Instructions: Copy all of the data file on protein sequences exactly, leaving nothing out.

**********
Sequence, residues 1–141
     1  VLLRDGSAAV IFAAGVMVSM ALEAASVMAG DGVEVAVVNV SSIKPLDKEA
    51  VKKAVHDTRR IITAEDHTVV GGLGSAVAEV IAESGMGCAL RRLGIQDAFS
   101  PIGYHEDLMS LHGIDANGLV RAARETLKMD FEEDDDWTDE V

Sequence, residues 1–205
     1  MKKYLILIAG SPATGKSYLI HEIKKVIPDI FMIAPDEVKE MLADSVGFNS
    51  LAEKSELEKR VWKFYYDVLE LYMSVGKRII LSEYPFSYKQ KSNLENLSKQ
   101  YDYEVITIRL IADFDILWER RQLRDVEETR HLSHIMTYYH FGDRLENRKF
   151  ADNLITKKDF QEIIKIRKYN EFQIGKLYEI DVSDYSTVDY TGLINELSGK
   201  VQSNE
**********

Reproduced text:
Sequence, residues 1–141
     1  VLLRDGSAAV IFAAGVMVSM ALEAASVMAG DGVEVAVVNV SSIKPLDKEA
    51  VKKAVHDTRR IITAEDHTVV GGLGSAVAEV IAESGMGCAL RRLGIQDAFS
   101  PIGYHEDLMS LHGIDANGLV RAARETLKMD FEEDDDWTDE V

Sequence, residues 1–205
     1  MKKYLILIAG SPATGKSYLI HEIKKVIPDI FMIAPDEVKE MLADSVGFNS
    51  LAEKSELEKR VWKFYYDVLE LYMSVGKRII LSEYPFSYKQ KSNLENLSKQ
   101  YDYEVITIRL IADFDILWER RQLRDVEETR HLSHIMTYYH FGDRLENRKF
   151  ADNLITKKDF QEIIKIRKYN EFQIGKLYEI DVSDYSTVDY TGLINELSGK
   201  VQSNE